Donyale was apart of Warhol’s Factory, she won Vogue’s Model of the Year (`66), she dated – and married – cool artsy guys. But when the pit of New York scene’s started to surface, she fled to the Europe’s safer haven.

At a rate of 60 an hour, she kept a London apartment looking over the Thames, but  professed that ” I make about a thousand dollars a week but often there are a couple of days at the end of the week when I find myself broke again.” And she  landed some bit parts in French films directed by Otto Preminger (Skidoo) and Federico Fellini (Satyricon). Close to the end, she also posed for Playboy (1975). I wonder if it had more to do with needing the money than the glamorous title.
 
Around 1979, feeling sick, she entered a Rome clinic on a Tuesday and died on a Thursday. Some say it was an accidental drug overdose. Again, who knows. She was 33. “She didn’t like to pay her bills,” claimed a fellow black model. Who does? I don’t think that was the whole of it. It was more like life didn’t like what she had become.  

If I were a boy…

In Fashion on March 12, 2010 at 3:07 pm

Wendell, Wendell, Wendell…  boy oh boy. Kiss-him-more

He’s another one of those guys that make me embarrassed. In my case, when I find a guy attractive, I’m not particularly a nice gal – not mean, just kinda… professional.

Despite the fact that I’m old enough to be his big sister (thank god), he’s mature beyond his 24 years (I assume by the time of this post) hustling a modelling job and a son. I’ll say one thing, he’s got more responsibilities than moi.

But what’s gorgeous about this fella is his cultivation. Army brat kids, or kids born to parents in the army can be fortunate. In the sense, that they become temporary expatriates to the world. In this lad’s case, he lived in Germany. Which means he was probably able to stay quite level-headed when his modelling career started to take off.

Represented by Red Models in NYC and Ford Europe, Monsieur Lissimore has done Lookbooks for Hermes, and commercial work for department stores including Bloomingdales and campaigns for Stone Island. He has hit up the gay market too, and I’m not surprised. Quite frankly, Monsieur Lissimore’s got the appeal for all ends of the spectrum.

I’m concerned, though. I see he’s done some editorial for 2009, but since his peak in 2008, he’s semi-M.I.A. I sure hope not, because he breaks the stereotype of token black guys that enter the modelling scene. Meaning, there are girls that just want to see a sexy black guy; doesn’t have to be mixed with chinese or looking like he got plucked out the jungle – just a sexy black guy that you may actually see your self associated with at some point in your life.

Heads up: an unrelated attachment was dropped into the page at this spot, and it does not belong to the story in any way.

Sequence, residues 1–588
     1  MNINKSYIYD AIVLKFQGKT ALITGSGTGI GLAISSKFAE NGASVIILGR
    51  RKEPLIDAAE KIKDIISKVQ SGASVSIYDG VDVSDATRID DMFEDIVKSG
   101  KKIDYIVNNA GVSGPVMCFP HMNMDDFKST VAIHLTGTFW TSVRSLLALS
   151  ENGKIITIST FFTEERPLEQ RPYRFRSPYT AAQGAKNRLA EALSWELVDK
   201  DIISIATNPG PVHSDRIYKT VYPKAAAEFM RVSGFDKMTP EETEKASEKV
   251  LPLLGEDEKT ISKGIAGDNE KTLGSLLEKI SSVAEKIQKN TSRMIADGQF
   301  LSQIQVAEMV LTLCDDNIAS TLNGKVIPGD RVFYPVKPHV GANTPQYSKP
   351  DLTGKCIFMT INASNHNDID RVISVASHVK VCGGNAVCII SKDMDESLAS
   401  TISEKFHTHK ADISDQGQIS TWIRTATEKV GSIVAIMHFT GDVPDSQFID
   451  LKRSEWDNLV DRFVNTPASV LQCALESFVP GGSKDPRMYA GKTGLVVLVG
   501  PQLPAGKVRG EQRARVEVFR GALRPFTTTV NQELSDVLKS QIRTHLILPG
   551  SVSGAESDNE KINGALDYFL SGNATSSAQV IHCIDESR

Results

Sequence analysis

Your around the way boy. I’ll be hitting up the fashion weeks this year, and I’ll expect to be seeing him on some runways.

One to Watch: Pedro Lourenço

In Collection, designer, Fashion, Fashion Heat, In the Know, One to Watch on March 11, 2010 at 5:51 pm

So this is the part when I bite my tongue in excitement. Just when I’m lacking inspiration, something – in this case, someone – turns my life around and proves to me that faith work wonders.

Pedro Lourenço, a 19-year-old Brazilian native’s Paris debut stopped me dead in my tracks. Rummaging through NY Mag’s fashion section, as  I zoomed in on the first look, I was locked. I cared not to see anyone else. As google would have it, this kid is fresh. Not only when it comes to his style, but also in his place in the fashion scene.

Why is it when I look at him I see references of Monsieur Nicolas Ghesquière? Could it be that as fairytales would have it, he’ll be scooped up by a major fashion houses strengthening a fashion empire based soley artistic talent?

Of course his collection could use a lot of work, but at 19, so what? His well-groomed up bringing, and his historical knowledge of fashion makes this young lad something of a prodigy. He’s not just about making “hot” clothes” there’s a cultural significance in his concepts. I wouldn’t be surprised if he can speak about five languages, well I mean, maybe so, considering that he was born into an atelier thanks to his parents Gloria Coelho and Reinaldo Lourenço. I’m also pretty sure that his bloodline runs through that of the legendary Novelist Paulo Coelho, if you pay close attention, there’s a bit of a “dreamy nightmare” in Pedro’s collection. An army, of some sort.

Musing: Nathan Jenden A/W 2010

In Collection, designer, Fashion, Fashion Heat, Good Look, Hidden Gem, Icon, style on March 3, 2010 at 8:24 pm

After nine heartfelt years, DVF’s Nathan Jenden stepped down from the coveted throne as Creative Director to set his sights on cultivating his own namesake. DVF’s influence runs rampant throughout his eponymous collection, and he’s one of the few designers who continues to strut his catwalk with women of colour (he represents Benetton tribe to the fullest).

I’m new to Jenden’s empire; but the most obvious thing to me is his understated fame. Diane Von Furstenberg’s fashion line never had the shock value as Chanel or Dior, but it managed to build a solid following and was always in the top ten of the world’s most celebrated fashion brands. Reason being was the safety net factor; it didn’t step outside any boundaries, but women over the fresh-faced age could always ‘come home to DVF’. Jenden’s a young guy, though. And through his collection he experimented with being – perhaps – what he wished DVF would be. But being a talented designer for a bigger brand means  following the protocol for what that brand stands for.